By Sunday morning, most of the speakers and bloggers attending the Netroots Nation convention had gone home. In preparation for the convention's final key note—a plenary on "eco-equality"—volunteers in the convention center's gaping main exhibit hall distributed leaflets against various outrages ("No Forced Vaccination" or "Put Impeachment Back on the Table.") Ed Madej, a digital cartographer who blogs on the Daily Kos under the name Ed in Montana, sat alone at one of the tables blanketed with such fliers, checking weather maps on his laptop for any possible disturbances on his way home to Helena.
Under jumbo screens featuring freeze-framed poses of panelists talking about "marketing and monetizing your blog" or taking "online engagement to offline activism," or Howard Dean lecturing in an open-collared shirt and tan jacket, Madej offered his own impression of this year's convention.
"The first YearlyKos, it was like 'Holy Heck, we can actually organize ourselves, this is astonishing,'" said Madej, 55, using the convention's original name. "The second year, the candidates came and we realized we had a voice in picking the nominee." This third year, he said, had a less rollicking mood, as the bloggers, now "cautiously optimistic" that Barack Obama would win the White House, began to contemplate the burden of power. As Madej put it, "How do we govern with a Democratic majority?"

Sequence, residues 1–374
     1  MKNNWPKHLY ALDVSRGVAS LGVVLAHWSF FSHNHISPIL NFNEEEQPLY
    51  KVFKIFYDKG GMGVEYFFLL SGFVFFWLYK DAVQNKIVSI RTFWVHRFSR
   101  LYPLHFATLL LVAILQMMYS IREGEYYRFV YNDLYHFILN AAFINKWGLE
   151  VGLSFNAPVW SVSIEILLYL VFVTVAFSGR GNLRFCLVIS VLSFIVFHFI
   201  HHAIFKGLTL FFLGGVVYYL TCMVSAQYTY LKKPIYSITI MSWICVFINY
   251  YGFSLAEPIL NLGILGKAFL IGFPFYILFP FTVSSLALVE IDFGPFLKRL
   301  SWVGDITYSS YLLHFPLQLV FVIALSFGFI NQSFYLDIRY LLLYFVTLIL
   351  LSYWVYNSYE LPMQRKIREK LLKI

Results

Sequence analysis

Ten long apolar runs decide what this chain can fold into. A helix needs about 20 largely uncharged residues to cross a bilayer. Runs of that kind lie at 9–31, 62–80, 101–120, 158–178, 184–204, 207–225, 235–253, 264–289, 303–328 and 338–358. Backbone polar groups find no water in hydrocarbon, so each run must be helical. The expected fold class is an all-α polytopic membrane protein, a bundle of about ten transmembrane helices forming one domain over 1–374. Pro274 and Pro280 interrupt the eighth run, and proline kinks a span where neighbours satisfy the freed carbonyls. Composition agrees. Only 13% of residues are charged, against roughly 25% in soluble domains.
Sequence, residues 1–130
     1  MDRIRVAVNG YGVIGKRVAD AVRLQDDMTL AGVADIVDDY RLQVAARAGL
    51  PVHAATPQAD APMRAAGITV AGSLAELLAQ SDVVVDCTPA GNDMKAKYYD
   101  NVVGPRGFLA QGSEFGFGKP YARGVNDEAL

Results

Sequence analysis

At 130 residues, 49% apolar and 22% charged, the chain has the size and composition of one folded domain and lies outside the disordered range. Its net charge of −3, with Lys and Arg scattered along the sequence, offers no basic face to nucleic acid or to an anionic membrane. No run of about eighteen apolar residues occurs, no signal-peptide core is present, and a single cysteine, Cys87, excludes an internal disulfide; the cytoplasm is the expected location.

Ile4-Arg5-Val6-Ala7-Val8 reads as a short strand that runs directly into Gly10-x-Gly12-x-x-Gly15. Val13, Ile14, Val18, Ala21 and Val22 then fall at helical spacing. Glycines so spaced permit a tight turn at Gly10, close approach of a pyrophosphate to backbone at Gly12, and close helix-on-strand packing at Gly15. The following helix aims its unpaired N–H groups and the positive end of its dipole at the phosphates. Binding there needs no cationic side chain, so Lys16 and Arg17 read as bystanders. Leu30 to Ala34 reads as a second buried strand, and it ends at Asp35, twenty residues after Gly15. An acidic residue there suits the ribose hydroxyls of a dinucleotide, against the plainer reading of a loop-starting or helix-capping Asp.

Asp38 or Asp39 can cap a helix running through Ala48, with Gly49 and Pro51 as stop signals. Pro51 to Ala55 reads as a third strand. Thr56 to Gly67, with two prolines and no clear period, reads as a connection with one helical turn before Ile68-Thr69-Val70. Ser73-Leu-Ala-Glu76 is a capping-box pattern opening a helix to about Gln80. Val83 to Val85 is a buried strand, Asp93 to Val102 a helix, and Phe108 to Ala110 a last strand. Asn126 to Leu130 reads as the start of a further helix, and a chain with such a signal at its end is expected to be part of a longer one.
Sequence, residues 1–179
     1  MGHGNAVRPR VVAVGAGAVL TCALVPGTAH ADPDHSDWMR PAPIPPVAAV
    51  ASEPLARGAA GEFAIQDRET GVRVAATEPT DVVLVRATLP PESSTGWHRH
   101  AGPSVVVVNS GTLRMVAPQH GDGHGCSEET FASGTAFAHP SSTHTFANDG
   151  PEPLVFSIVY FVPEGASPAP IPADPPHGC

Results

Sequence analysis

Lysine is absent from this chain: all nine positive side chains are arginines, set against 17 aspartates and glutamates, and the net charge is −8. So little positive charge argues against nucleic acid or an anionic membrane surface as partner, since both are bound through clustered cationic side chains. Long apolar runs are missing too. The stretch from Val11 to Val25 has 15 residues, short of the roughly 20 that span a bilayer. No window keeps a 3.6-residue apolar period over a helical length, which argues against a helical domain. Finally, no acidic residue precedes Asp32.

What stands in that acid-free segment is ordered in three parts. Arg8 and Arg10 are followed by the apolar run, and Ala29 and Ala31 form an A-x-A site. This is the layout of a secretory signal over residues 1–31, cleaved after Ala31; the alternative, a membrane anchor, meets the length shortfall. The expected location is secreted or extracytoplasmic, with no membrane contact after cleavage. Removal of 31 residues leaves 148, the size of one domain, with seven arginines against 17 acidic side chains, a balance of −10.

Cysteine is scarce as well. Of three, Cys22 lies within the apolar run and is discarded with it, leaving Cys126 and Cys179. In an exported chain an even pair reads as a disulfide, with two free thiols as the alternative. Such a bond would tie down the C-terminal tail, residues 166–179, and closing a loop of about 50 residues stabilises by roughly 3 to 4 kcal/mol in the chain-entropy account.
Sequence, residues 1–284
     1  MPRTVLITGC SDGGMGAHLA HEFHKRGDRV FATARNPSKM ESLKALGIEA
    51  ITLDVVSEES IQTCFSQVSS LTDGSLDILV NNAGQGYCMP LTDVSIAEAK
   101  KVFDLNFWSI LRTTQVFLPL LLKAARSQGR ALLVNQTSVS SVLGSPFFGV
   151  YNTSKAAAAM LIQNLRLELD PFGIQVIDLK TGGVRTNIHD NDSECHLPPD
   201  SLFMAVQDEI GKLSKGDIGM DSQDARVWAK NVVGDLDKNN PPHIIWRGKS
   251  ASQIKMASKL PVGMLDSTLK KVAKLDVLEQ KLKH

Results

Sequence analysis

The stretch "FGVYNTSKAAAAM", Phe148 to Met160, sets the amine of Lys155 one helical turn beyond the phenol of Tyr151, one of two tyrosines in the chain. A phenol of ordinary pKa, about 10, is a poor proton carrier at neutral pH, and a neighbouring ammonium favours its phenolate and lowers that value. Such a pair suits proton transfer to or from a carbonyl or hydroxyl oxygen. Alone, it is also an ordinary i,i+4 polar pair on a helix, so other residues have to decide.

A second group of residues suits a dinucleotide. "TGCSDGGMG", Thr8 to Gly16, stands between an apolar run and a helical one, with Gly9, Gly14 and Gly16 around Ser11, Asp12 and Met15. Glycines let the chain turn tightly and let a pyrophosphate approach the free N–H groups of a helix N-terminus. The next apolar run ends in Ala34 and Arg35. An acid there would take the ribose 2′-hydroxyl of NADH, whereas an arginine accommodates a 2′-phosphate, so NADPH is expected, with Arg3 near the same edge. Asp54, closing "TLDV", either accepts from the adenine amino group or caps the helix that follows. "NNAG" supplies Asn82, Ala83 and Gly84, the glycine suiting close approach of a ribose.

This year's convention marked the maturation of the Netroots. Their national convention between July 17 and 20 felt more like an assembly of middle-management professionals – say, dentists or data-entry technicians—than the science-fiction forum of years past, in which activists with names like OrangeClouds reveled in their collective role as thorn in the left flank of the Democratic Party. (It should be noted that OrangeClouds, who blogs about food issues, did attend again, and managed to extract an admission from Al Gore that he eats too much meat.)
The convention attracted its share of marquee names. D.N.C. chair Howard Dean, a beloved founding father, delivered an opening keynote address and Gore, who was sustained by the Netroots support in the rough years after the 2000 election, made a surprise appearance, plugging his book, Web site and bi-partisan anti-global warming commission. House speaker Nancy Pelosi, who is unpopular with many of the bloggers because they hold her partially responsible for Congress' inability to end the war in Iraq, sat for an uncomfortable question-and-answer session on Saturday morning in which she essentially blamed Senate Democrats for the party's legislative shortcomings and promised that everything would be just fine if they just elected Obama. The bloggers in the crowd were asked to act like grown-ups and limit their grievance-airing to an allotted ten-second boo-hiss session before Pelosi took the stage.
"Are we going to be nice to Nancy this morning or are we going to tell her what we really think?" one blogger asked his table before she came on. Like most everyone else he politely listened to Pelosi's remarks. (Even the anti-war Code Pink protesters, dressed up in superhero costumes with the words "Use Your Super Powers to End the War" written on their capes, were mostly quiet.)
But the main question in the days leading up to the conference was how attendees would react to Obama, who has irked the liberal bloggers with what they perceive as his centrist creep. Again, the media build-up – despite assurances beforehand from conference-goers that they really like Obama—turned out to have been vastly overdone.
Obama's deputy campaign manager, Steve Hildebrand, was treated like a hero, with people waiting to shake his hand after a panel discussion.